Monday, January 01, 2007

Roger's Sister

Roger’s sister, Tammy, and her family came to visit us from Seattle over Christmas. We love Tammy from 2000 miles away. As the movie, When Harry met Sally says, she is high maintenance. And I have noticed that most women that can be classified in this way don’t seem to mind. They know it. I guess that maybe it is us low maintenance kind of women that are somewhat bothered and bewildered by the whole process.

How long does it really take to get ready to go shopping? My entire family was up, dressed and had breakfast and on the road by 9am. On a work day this somehow occurs by 7am. We had a plan – see a movie at the Science Museum, get Roger’s hearing aid fixed and then head to the mall to return or try to return (look for a blog on this) some Christmas gifts. I called Roger’s mom from the mall at 1pm that day and they still had not left to go shopping as they had planned. Most of her day was gone. Her parents, as well as I, were baffled by this.

Is this how she really functions on a daily basis? Is she ever on time to work? She works the afternoon shift, so maybe this would explain her timetable.

We all want to be “normal” – whatever that means. But the reality is that we all have this distorted view of what that should be. John Ortberg has a book called “Everybody is Normal (until you get to know them)”. This book explains how we all have an “AS IS” tag. Some people, like clothing, have minor defects like an uneven seam or a missing button. Other people, (and I put myself in this category) have bigger flaws, like a missing zipper or having one pant leg longer that the other. The truth is, nobody is that “normal” that we all think that exists. We need to function in a world of “AS IS” people.

So, when I got married, I thought “Now this is a normal family”. The longer I function in this new set of family dynamics the more I realize that my family was not so weird afterall. Okay, so all of our flaws were very noticeable – but at least nobody was surprised at what they were getting. I have learned that in the Riesgraf family you don’t talk about anything bad – divorce, miscarriages, bad behavior by family members, etc. The flaws were to remain hidden – especially by those outside the family.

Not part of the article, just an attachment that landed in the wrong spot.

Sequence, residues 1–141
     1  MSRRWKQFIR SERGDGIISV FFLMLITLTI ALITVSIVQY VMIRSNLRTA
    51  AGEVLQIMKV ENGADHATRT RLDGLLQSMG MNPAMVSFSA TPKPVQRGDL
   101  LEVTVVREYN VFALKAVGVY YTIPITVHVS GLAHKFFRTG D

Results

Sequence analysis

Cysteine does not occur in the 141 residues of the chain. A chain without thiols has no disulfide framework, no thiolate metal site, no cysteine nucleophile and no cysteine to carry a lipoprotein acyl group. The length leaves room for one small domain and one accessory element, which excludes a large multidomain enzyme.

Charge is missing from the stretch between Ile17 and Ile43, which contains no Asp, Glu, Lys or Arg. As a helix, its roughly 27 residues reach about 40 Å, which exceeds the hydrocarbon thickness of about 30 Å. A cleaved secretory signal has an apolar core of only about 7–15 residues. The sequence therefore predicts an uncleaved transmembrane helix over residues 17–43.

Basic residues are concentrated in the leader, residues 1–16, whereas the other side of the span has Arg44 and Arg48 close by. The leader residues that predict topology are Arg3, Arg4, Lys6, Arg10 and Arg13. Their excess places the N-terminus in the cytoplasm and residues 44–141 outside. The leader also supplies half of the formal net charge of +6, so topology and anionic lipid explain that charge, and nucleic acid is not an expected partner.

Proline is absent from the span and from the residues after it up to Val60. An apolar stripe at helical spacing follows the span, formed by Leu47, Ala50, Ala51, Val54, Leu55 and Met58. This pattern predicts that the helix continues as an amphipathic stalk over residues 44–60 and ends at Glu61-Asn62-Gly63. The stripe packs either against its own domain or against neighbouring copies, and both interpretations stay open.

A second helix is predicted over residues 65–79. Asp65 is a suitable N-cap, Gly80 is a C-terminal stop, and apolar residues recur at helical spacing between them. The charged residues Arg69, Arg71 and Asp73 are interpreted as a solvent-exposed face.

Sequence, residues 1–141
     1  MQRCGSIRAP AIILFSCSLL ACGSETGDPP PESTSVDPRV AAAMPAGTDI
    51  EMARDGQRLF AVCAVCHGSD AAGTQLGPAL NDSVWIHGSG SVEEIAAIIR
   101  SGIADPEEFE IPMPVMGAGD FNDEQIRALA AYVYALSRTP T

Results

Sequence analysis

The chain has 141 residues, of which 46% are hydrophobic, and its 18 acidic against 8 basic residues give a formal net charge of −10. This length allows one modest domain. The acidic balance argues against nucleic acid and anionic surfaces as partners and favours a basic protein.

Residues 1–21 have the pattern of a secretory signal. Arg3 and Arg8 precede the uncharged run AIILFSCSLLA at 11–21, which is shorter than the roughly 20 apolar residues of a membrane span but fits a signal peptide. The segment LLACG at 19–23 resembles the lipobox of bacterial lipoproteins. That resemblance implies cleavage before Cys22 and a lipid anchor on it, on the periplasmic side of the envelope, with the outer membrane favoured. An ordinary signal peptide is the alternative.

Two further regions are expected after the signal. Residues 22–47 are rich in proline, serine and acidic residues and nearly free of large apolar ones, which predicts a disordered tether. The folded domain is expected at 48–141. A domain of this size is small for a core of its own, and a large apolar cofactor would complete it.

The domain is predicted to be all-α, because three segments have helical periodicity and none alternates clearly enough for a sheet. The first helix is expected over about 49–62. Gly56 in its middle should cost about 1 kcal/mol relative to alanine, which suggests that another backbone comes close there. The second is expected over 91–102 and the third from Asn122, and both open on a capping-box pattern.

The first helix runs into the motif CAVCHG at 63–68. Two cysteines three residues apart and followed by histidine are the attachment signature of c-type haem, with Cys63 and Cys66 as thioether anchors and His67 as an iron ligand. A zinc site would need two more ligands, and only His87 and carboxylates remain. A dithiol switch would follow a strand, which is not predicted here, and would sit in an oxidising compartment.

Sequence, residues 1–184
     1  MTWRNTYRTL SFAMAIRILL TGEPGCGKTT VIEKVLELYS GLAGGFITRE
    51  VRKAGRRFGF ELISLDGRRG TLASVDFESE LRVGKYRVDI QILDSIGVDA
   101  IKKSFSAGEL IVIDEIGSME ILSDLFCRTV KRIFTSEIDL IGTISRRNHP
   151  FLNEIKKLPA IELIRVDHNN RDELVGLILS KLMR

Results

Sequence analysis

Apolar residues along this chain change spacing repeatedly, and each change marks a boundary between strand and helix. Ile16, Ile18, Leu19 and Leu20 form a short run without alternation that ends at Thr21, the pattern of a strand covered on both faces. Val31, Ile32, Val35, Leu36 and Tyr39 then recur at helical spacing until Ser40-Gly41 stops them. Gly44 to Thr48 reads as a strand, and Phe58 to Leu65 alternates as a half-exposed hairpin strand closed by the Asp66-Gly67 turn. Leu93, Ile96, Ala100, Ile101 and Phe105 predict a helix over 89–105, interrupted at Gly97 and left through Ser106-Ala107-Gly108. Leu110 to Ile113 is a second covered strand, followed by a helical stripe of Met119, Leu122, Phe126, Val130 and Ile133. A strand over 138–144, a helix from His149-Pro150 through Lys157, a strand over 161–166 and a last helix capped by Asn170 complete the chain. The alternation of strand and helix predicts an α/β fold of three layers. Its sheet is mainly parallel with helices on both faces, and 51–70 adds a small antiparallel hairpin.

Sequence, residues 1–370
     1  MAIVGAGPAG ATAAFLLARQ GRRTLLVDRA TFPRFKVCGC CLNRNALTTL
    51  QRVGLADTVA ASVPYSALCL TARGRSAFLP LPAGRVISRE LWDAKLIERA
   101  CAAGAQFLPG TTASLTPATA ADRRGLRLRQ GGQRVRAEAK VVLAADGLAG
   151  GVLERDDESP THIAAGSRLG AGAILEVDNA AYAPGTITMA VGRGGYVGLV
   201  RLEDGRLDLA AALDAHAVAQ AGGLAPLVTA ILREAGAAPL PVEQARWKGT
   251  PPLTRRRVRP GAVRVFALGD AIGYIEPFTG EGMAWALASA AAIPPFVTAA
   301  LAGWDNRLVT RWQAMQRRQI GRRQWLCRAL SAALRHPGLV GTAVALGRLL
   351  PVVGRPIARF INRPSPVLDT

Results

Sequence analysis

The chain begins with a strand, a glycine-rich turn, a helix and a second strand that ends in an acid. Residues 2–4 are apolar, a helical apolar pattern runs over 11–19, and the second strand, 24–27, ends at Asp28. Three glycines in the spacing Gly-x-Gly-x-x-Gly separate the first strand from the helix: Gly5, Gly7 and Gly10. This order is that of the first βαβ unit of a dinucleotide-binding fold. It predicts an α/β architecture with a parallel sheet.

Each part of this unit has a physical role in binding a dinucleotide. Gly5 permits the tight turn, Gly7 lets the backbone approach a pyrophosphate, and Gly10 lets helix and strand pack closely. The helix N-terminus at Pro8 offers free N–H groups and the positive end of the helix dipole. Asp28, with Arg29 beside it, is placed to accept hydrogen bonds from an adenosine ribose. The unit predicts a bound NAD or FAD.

So, back to Tammy’s visit. We all brace ourselves for her visits. She often makes what could be an enjoyable experience very stressful instead. The world must revolve around her. We ended up spending Christmas Eve and Christmas Day without her. They were supposed to leave Seattle Friday the 22nd but could not manage to get packed and ready to go until Sunday the 24th. We had a relaxing celebration without her.

She arrived with her family, husband and two daughters, on Tuesday the 26th. After they rested from 48 hours of driving, we celebrated Christmas together on Wednesday night the 27th. The girls, Caileigh and Courtney, are always such a joy to see. Dinner was good and I held my tongue while we opened presents. I discovered that the gift giving was all about her as well. It wasn’t really about receiving a gift that you really wanted/needed, but how the gift reflected on her – how much time she spent finding it, or the amount of money it took to buy it. She called tons of times about ideas for gifts for the kids – apparently they didn’t sound good to her, but my kids would have enjoyed those gifts much more than what they got. I held my tongue and said thank you. I did my best to not rock the Riesgraf boat of silence.

When we wanted her to open her gifts, she got very huffy. The strange this is that this part really is about her and she didn’t want to enjoy it. Maybe because the outcome was something she could not control. She could only receive what was given – kind of scary for a control freak.

They are on their way back to Seattle in the snow that almost got here. Our lives will return back to “normal” – whatever that is.

Thanks for reading


1 comment:

Cheri said...

I think every family has at least one person who thinks the world revolves around them. You're right, most of them know exactly what they're doing. In my family's case, my brother doesn't know. He just assumes certain things will happen - everyone's schedules will align with his during a visit, everyone will want to eat the same things and go the same places, and everything is always someone else's treat - not his.

Honestly, sometimes it's a blessing to live overseas away from family. Yes, it's easier to love some family from afar!